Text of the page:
Mega Menus were all the rage back in the 00′s. Sure, there was some usage of them before that time frame, but they really exploded in popularity around then. I have the sneaking suspicion it has something to do with Jakob “the king of usability” Nielsen’s blog post in 2009 that explained and advocated the use of them:
[Mega Menus are] big, two-dimensional drop-down panels group navigation options to eliminate scrolling and use typography, icons, and tooltips to explain the user’s choices.
Given that regular drop-down menus are rife with usability problems, it takes a lot for me to recommend a new form of drop-down. But, as our testing videos show, mega drop-downs overcome the downsides of regular drop-downs. Thus, I can recommend one while warning against the other.
He does a great job of explaining the goal and also makes a good case for for using mega-menus, even if you aren’t completely convinced by the title bestowed upon him. I can see his point.
But when has it gone too far?
Even Mr. Nielson himself spent most of his article qualifying his support of them, and in a later article pointed out how easy it was for them to go wrong. The main point that pops out at me is this one:
Keep it simple
As time has passed, we all have gotten more or or less used to these simple mega menus, and it’s almost natural for us to try to “spice it up” a bit, or to try to push the limit of their usefulness. I think this is where mega menus have gone wrong. There was a time when Amazon.com had at least 100 links in each sub menu, probably 500 or more links in all. Even today, Staples.com is nearly as bad, and has gone so far as to place a banner ad in each of their sub menus. These are retailers and they want to make access to all their different product lines easier, but in reality they have made it more difficult to find what you actually need.
Sometimes upon mouseover the user is presented with a gazillion links or a thin horizontal strip that they must try to navigate to open yet more boxes of links. Sometimes it’s almost like a game. After about 3 times of failing to thread the needle, the user goes away angry, taking with them your conversion, your sale, your potential loyal customer, etc (you get my point). A great illustration of the thin “hover tunnel” issue that can be seen in a blog post at UXMovement.com.
I recently came across AJ Kohn’s post “Mega Menus are Mega Awful” over at Blind Five Year Old. I have to say that I agree with almost every word of it. He hysterically declares “Mega menus are the Where’s Waldo of navigation“. I think he makes an even more convincing argument why we should all tread very carefully in this Mega Menu abyss.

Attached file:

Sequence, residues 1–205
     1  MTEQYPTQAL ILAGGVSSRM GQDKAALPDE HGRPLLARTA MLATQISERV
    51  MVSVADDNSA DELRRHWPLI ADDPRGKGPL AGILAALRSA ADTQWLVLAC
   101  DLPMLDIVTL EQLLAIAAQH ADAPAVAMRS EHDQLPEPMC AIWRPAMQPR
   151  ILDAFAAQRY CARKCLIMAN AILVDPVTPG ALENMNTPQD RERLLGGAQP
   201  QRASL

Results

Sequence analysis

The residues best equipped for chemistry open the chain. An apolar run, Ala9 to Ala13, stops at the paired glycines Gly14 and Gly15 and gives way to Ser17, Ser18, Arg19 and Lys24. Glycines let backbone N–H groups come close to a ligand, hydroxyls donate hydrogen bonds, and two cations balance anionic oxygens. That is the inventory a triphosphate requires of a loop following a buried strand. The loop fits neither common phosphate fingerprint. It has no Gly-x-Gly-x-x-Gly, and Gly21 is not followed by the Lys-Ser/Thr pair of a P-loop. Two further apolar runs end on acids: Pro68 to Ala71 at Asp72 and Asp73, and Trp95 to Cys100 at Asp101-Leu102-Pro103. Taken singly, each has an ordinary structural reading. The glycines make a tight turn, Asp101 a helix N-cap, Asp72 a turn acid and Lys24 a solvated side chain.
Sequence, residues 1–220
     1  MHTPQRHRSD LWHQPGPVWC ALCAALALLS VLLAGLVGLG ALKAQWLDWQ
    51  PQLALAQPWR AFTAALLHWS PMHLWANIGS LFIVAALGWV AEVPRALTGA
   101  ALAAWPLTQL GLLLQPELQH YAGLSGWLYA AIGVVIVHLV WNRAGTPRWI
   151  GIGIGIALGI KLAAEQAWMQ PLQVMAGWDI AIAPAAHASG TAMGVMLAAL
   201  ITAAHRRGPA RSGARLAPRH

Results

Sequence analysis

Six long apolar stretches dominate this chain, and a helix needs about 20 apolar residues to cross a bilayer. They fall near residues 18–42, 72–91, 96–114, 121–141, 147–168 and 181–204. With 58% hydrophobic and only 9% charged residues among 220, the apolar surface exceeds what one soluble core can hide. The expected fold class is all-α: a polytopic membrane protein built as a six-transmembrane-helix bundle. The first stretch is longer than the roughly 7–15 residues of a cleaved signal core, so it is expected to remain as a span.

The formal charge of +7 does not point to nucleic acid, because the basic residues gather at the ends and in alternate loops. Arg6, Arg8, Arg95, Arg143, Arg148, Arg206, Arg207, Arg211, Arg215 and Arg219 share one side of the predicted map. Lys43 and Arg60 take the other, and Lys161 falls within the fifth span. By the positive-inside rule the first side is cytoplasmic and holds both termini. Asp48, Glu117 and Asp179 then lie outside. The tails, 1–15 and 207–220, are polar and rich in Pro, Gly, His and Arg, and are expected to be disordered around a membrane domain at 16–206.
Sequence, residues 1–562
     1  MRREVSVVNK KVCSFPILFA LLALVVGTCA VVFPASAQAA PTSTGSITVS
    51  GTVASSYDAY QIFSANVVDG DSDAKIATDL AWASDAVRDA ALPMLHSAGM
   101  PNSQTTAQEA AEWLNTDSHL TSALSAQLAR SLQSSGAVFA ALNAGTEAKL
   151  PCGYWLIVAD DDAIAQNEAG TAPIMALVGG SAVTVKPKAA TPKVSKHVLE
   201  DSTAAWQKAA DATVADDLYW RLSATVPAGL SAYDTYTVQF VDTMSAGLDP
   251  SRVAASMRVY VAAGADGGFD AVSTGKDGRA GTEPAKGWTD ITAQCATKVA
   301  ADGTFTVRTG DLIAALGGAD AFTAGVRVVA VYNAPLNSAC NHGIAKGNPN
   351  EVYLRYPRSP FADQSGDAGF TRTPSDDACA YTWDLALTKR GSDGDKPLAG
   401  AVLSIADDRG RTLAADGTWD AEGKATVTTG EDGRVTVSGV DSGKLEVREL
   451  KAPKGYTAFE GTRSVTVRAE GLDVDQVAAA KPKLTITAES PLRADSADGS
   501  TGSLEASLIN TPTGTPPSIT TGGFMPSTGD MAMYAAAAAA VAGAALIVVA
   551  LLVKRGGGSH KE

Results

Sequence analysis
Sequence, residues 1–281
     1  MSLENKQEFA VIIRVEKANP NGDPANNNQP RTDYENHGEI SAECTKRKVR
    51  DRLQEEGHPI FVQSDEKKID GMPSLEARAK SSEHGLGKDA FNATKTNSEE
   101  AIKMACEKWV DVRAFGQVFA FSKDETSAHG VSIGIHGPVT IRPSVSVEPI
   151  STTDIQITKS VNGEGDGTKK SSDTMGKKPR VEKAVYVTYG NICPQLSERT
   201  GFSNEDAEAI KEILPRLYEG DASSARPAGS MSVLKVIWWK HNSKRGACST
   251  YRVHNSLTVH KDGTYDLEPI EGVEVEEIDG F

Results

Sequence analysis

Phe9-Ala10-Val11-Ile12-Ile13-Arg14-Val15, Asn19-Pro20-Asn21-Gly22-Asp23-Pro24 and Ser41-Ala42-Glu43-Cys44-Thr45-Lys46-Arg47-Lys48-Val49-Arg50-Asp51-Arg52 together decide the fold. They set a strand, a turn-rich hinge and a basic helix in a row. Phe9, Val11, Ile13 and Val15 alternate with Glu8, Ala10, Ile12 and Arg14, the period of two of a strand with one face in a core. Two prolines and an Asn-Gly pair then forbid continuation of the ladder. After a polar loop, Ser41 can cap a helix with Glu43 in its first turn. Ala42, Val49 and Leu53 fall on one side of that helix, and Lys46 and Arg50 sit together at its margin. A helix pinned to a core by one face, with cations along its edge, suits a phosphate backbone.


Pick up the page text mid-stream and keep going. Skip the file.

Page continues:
One of the arguments for these rich mega menus is SEO. Perhaps in the past a large chunk of text/markup added to the top your document might have helped make your content/pages more visible to search engines. But AJ Kohn also does a good job of arguing against this:
Now, I’m not saying that PageRank is the end all to be all, but you’re doing yourself no favors by splitting trust and authority into 400+ pieces.
This goes back to the keep it simple point I made earlier. While some relevant navigation at the top of your document is helpful to UX and SEO, overkill can cost you big. The recent trend with Google is to penalize “over-optimization” techniques. While nobody outside of Googleplex knows for sure what the formula is, you have to think that putting hundreds of links at the top of your page might possibly show up to a bot as a potential problem.
Personally it would look like a link farm to me if I just looked at the first 100 or so lines of anchor tags before I got to any real content. According to this forum post at WebMasterWorld.com, even as far back as 2008, there were rumblings in the SEO community about the potential for disaster when over-using this technique:
Why could this create a problem? I have two ideas. First, we know that anchor text is a heavily weighted element in the algorithm. All that opportunity to go over the top with keywords in anchor text cannot be a good thing. And second, Google reps keep repeating the advice not to go beyond 100 links on a page. Even if more links are now spidered, just think of the pile of semantic confusion that this can throw at the relevance calculations.
All of this added together, I think we can put to rest the myth of the unquestionable usefulness of mega menus. While there might be situations where they can be used in moderation, in my opinion the evidence indicates the need for careful consideration before implementation.
In my evaluation, a good starting point for implementing mega menus would be to make them perpendicular to the first level, simple, easy to use and so they do not interfere with the normal operation of the site. Having a large landing area for the first level, and restricting them to two levels at the most.
What’s your take on mega menus? I’d love to hear other views on this.